No. That's why I mean, really, when I was looking at the size of the clients, et cetera, I was going back to my old chestnut of bad debt provisions and just wonder if whether you have a provision in there and whether you've been seeing any difficulty with your smaller clients? And I see your percentage of small biotech and pharma has reduced somewhat from a couple of quarters okay, and I'm just wondering if you're seeing that they're just not coming through with the deals and therefore you're in a better position dealing with the more established pharma now than you were maybe two quarters ago.

Peter Gray

I think, Ian, it would be fair to say if you go back over the years we haven't had much in the way of bad debt issues. In Q4 on a one off basis because of the state of the world we took a provision of $5 million or thereabouts against a number of biotech companies which we had looked at in terms of their ability to continue and their viability and their funding.

We took that charge in Q4. We haven't done anything more significant since then. We took a prudent and hard look at the numbers at the end of the year and nothing much has changed since that time. And as you would expect that small provision is still warranted because some of these small companies are struggling, and there are some programs we're doing where we've slowed down the pace of work because their cash flows can't support the paperwork and so on, and so we're being cautious with those but we think we're well provided.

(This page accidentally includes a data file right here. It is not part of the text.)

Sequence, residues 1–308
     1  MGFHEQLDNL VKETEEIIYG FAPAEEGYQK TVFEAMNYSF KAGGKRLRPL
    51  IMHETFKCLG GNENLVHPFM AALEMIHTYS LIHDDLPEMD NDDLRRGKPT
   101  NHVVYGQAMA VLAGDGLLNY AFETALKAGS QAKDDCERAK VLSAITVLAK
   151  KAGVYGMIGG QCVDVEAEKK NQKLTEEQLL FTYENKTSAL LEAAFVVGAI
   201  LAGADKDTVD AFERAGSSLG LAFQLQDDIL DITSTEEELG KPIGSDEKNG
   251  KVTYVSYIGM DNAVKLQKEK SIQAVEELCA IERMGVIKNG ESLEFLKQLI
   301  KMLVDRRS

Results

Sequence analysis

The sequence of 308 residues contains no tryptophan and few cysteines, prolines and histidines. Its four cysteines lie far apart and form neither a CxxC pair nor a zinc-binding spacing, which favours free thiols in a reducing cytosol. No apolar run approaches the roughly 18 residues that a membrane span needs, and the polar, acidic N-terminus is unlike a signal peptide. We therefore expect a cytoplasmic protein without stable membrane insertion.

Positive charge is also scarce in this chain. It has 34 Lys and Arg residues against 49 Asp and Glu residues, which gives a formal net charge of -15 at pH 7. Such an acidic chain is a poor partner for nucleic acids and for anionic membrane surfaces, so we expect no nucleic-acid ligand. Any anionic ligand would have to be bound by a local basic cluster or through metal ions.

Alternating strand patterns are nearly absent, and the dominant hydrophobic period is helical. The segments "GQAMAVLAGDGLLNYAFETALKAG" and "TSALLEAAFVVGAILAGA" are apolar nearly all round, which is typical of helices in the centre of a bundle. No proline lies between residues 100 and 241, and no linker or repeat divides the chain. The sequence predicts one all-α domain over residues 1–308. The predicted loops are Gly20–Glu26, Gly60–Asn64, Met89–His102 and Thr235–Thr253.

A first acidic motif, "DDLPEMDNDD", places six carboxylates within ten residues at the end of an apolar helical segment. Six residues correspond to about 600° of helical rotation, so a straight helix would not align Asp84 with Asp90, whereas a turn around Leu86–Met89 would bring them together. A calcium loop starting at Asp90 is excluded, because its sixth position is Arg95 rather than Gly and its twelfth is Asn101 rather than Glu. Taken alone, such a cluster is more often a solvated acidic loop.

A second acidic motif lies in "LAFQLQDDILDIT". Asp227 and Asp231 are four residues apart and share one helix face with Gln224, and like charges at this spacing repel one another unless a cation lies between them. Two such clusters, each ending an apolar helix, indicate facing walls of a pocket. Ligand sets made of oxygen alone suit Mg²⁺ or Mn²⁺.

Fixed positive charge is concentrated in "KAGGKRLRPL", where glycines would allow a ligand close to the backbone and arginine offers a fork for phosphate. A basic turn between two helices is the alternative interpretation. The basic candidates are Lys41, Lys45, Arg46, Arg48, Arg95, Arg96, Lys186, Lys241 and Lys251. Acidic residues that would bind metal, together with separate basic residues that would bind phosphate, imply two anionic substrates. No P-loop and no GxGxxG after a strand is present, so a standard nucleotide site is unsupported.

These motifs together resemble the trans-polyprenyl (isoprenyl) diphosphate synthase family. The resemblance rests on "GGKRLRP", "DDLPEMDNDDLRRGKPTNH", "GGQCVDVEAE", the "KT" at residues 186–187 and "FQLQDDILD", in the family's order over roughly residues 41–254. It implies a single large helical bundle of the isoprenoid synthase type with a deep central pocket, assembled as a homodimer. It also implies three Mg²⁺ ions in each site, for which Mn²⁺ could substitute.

Ian Hunter - Goodbody Stockbrokers

That's great. Thanks very much.

Operator

Thank you. The next question comes from the line of Doug Tosayo (ph) of Barclays Capital. Please go ahead.

Doug Tosayo - Barclays Capital

Hi. Good morning, guys. You referenced that you took a charge for the Manchester clinic and I believe you indicated that you are moving from the clinic into an inpatient setting at a Manchester hospital. Has that move been completed and how —

Peter Gray

No. That has not been completed. The timing on that is that we have moved out of our old facility, but the new facility in Manchester Royal Infirmary will not be available until April of next year. So at the moment we're continuing to work with our clients, but we are using third party facilities. We've settled partnerships with five or six other units and we are conducting studies in their units using their facilities, but using our staff.

Doug Tosayo - Barclays Capital

And do you anticipate seeing any moderation in terms of your business development efforts for European phase one just given the fact that you are going to be sort of working with third-party providers which might give some clients a little hesitation until you're into your new facility?

Peter Gray